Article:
Bicycling in France and Italy: From Leisure to Competition



France

by Sev

La bicyclette or le vélo (bike) conjure images of carefree bike rides through the rolling French countryside and quaint village streets. While most French people rely mostly on fuel-powered vehicles in everyday life, going places and especially touring using a bicycle is still very much enjoyed. In French, people say ‘Faire du vélo/de la bicyclette’ (to ride a bike).

Following the example of countries in Northern Europe, France keeps opening new bike routes, especially in scenic regions. Click here for a detailed map of the Véloroutes in France. But bikes are also allowed a more prominent place in urban environments. Among all French cities, Strasbourg is the friendliest for bikes, with more than 1 of 3 inhabitants using bikes. More importantly, the city’s center is off-limits to regular car traffic. And with Vélib’ (operated by the city), you can visit Paris on a bike for €1.70/day!

Pédaler dur (to pedal hard): biking in France also evokes the famous Tour de France, with some of the most challenging terrain, at the same time celebrating the many charms of French richly diverse regions. The first Tour de France took place in 1903, and continues to generate great passions among its fans.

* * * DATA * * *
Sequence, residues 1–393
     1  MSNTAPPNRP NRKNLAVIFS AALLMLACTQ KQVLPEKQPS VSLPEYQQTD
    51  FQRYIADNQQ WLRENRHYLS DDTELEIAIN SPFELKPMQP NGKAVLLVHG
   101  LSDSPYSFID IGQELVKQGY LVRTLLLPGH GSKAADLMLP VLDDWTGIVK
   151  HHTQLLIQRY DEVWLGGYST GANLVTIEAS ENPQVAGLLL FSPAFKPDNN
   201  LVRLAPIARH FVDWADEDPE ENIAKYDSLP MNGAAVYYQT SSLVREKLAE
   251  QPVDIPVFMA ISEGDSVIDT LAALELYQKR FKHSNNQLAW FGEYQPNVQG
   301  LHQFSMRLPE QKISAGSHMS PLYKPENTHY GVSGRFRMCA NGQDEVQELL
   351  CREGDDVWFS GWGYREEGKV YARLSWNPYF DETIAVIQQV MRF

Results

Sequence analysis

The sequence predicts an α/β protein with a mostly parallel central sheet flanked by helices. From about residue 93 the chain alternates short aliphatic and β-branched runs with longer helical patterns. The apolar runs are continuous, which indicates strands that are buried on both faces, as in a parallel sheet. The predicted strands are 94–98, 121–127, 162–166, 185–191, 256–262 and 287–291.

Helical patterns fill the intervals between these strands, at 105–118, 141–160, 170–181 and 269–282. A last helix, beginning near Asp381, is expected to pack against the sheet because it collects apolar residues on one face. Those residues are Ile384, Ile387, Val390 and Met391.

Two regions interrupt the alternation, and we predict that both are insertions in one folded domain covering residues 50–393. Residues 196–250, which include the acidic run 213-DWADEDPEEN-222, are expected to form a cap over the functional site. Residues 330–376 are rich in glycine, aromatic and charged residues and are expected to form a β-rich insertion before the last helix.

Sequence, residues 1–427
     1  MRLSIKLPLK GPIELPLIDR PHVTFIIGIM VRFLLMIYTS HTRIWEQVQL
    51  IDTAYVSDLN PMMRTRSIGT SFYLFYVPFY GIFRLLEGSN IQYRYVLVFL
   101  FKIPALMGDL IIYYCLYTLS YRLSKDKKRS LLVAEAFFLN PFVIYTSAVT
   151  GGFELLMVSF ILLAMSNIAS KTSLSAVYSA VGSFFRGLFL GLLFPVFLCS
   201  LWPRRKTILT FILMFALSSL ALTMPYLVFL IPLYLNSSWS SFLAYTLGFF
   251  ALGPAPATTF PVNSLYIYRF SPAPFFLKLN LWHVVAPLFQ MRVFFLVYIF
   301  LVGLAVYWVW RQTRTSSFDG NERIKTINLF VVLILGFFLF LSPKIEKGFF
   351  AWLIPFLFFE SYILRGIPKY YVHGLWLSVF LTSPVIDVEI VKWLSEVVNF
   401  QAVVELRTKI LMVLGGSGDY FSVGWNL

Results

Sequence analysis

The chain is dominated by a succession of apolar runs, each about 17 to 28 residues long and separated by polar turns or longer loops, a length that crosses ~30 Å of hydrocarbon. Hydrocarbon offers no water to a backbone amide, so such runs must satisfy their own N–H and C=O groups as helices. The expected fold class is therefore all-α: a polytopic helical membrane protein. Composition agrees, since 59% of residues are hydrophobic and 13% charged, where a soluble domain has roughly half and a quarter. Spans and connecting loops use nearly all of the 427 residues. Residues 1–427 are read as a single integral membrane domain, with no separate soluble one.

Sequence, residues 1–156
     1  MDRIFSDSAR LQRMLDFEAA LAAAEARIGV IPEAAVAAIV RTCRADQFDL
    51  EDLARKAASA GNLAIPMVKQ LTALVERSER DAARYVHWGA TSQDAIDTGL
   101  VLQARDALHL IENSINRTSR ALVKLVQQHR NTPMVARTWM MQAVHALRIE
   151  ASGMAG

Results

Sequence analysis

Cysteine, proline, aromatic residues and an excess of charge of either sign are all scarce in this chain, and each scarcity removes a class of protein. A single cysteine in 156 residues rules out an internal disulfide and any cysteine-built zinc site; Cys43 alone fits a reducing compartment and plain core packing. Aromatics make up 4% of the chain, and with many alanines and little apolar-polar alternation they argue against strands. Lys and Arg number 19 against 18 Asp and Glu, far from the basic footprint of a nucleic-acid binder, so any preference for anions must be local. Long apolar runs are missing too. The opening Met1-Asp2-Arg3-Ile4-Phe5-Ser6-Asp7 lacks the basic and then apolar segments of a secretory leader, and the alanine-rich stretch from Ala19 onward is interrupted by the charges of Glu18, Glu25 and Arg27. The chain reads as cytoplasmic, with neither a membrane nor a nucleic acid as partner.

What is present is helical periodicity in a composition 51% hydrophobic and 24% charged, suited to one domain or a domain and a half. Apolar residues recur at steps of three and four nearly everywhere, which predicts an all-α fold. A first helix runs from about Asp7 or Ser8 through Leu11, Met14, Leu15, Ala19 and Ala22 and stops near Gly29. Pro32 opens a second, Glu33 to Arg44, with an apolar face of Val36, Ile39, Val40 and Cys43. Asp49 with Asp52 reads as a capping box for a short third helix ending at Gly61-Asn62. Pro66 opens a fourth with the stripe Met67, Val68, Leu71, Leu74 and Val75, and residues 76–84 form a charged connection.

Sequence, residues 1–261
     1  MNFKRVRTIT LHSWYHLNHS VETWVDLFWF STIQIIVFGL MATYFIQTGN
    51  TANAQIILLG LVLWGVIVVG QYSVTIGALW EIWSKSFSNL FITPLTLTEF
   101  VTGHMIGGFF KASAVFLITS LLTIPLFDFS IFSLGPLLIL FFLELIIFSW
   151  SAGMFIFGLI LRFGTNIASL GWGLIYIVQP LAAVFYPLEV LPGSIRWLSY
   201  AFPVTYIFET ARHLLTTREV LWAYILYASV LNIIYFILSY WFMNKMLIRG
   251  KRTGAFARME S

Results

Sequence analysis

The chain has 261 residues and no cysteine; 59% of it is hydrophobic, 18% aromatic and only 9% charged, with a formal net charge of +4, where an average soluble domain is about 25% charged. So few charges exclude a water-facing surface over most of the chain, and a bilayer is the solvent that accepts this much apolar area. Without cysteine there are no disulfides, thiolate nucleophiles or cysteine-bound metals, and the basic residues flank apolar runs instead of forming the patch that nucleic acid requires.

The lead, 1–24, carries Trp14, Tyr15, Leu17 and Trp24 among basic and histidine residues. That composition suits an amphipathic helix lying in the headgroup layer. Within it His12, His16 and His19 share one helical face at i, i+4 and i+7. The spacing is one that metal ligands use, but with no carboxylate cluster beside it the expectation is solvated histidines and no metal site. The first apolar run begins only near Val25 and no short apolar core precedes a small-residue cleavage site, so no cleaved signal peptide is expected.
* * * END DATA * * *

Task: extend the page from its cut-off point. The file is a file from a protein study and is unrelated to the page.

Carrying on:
On a funny note, here’s an excerpt of Jour de Fête, a delightful classic comedy by Jacques Tati about a mailman trying to emulate the speed of the U.S. Postal Service.

Italy

by Max

Italy has long had a love story with bicycle (bicicletta, or just “bici”), It may not be a coincidence that one of the most important and famous movies is “Ladri di biciclette”. (Bicycles Thieves)

The Po Valley (Pianura padana) is flat, hence particularly adapt for biking: the Emilia Romagna’s cities of Modena, Parma, Reggio Emilia, Ferrara, and Bologna – and all the town around them – are full of bicycles everywhere.  People joke that kids learn to ride a bicycle (andare in bicicletta) before learning how to walk. Reggio Emilia in particular is nicknamed “the Beijing of Italy” because of the sheer number of bicycles running in the streets – and by the way, the screenplay writer of “Ladri di biciclette” Bicycle Thieves, Cesare Zavattini,is from there.

Italy has also a long tradition in producing bikes and accessories: Bianchi, Campagnolo, Bottecchia are world famous brands.

Finally sports: ciclismo (cycling) is the second most practiced sport after soccer, and Giro d’Italia is the most important sport event in Italy.

Pedalare! (Get pedaling!)

Photo credit: Wikimedia Commons